Ambassador in workaholic Brussels.
Under such complex circumstances, the Macedonian ambassador to the EU, with his small team of diplomats and big aspirations, is responsible to present his country's strategic priorities--primarily starting accession talks after four years of holding a candidate member status, having travel visas lifted and being granted accreditation for using IPA funds--and see to it they are given proper attention. Nine years of the promises in Fiera, and six years of the proclamation of the European perspective in Thessaloniki, only one country of the Western Balkans has commenced membership negotiations and has carved a path through the Schengen Wall. In Macedonia's case starting EU accession talks would prove that this European perspective is not only a promise and the EU membership is not only a dream. Starting accession talks is our top priority in 2009, too, and we are hoping to attain our goal in the autumn in the best interest of the people of the Republic of Macedonia, and also of the European Union itself.
Enlargement is not only a technical issue. Primarily it is a (geo)political matter. If two decades ago enlargement was an EU priority, reflecting the geopolitics following the end of the Cold War, today it is not at the top of the EU agenda. Every year in Brussels has a different issue as its landmark. In my first year, 2006, it was the debate about the European Union's absorption capacity. In my second year, 2007, it was the activities for keeping the European Constitution and in my third year, 2008, it was the incapacity to put into force its "successor"--the Lisbon Treaty--as well as the challenges of the economic crisis and the consequence for the EU from the brief war between Russia and Georgia. This current year, 2009, is marked by the E3 challenges--economy, energy and environment--as well as by the internal institutional and constitutional reform of the Union and the European elections.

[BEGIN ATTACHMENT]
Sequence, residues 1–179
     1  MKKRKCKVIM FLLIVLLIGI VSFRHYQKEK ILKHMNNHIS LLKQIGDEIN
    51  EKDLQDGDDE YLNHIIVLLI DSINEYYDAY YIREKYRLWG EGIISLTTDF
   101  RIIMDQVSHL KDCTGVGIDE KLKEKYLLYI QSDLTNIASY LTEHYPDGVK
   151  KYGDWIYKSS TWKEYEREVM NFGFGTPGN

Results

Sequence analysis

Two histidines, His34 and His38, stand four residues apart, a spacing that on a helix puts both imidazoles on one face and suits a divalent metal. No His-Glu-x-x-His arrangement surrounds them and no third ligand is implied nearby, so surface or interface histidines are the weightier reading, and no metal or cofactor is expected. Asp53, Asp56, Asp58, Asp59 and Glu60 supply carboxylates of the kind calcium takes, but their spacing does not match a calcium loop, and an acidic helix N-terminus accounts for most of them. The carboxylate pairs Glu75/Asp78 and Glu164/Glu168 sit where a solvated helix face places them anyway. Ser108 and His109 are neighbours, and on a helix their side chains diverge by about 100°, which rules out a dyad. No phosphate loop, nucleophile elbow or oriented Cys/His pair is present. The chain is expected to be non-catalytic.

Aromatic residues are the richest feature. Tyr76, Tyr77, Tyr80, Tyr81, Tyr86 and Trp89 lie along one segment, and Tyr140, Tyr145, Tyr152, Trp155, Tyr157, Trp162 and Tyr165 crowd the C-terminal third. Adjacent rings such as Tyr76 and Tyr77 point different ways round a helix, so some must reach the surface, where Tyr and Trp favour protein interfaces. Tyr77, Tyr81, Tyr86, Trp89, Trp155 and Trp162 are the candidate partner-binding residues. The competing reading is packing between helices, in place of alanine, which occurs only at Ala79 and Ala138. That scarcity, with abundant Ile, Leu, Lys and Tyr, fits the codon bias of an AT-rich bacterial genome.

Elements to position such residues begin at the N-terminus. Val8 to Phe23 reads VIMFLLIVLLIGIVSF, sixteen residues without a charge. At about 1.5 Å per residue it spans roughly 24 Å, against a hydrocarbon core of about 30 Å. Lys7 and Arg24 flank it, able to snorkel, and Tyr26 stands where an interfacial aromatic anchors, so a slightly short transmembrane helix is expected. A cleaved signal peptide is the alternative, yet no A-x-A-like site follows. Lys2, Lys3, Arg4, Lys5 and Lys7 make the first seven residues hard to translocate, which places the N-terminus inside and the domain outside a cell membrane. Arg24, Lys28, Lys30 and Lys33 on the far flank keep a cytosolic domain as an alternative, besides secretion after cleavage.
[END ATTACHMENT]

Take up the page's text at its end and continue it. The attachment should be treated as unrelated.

Being an ambassador to the EU means knowing not only the secrets of diplomacy, but also having considerable specialized expertise on the European Union. To an ambassador to the EU the dilemma of what, in fact, the EU represents remains. Is it an international organization of an intergovernmental type, a supranational sui generis entity, or just a common market? Are decisions taken in Brussels or in the European capitals? Is it national or community interests that guide the Union? And almost six decades of the post-modern visions of Schumann, Monet, Adenauer and Gaspari, it is evident that the Westphalia spirit has survived for three and a half centuries as a prevalent political model. The sovereignists are still stronger than the unionists. The veto is still the sovereign EU member states' principal tool.
The tendency of putting vetoes started last year at the NATO summit in Bucharest when Greece vetoed Macedonia's accession, giving rise to fears that the same might happen to Macedonia's bid for joining the EU. It was followed by the Slovenian-Croatian dispute and preceded by the long-standing conflict between Turkey and Cyprus, all of which is indicative that in the EU it is the member states that have the final say. Although at first glance it appears that upon joining the EU, the sovereign countries become member states, thus losing some of their sovereignty, from the very instant of their accession the member states impose their national interests on the EU as well. Besides its own principles, the EU takes into consideration its member states' concerns as well. Moreover, national priorities take precedence over those of the community.
The spirits of Machiavelli and Richelieu are still strongly felt in the first decade of the 21st century, too.
Ambassador, Prof. Dr. Blerim Reka
Head of the Mission of the Republic of Macedonia to the EC in Brussels
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|Title Annotation:||DIPLOMATIC DIARY; Brussels, Belgium|
|Publication:||Macedonian Diplomatic Bulletin|
|Date:||Apr 1, 2009|
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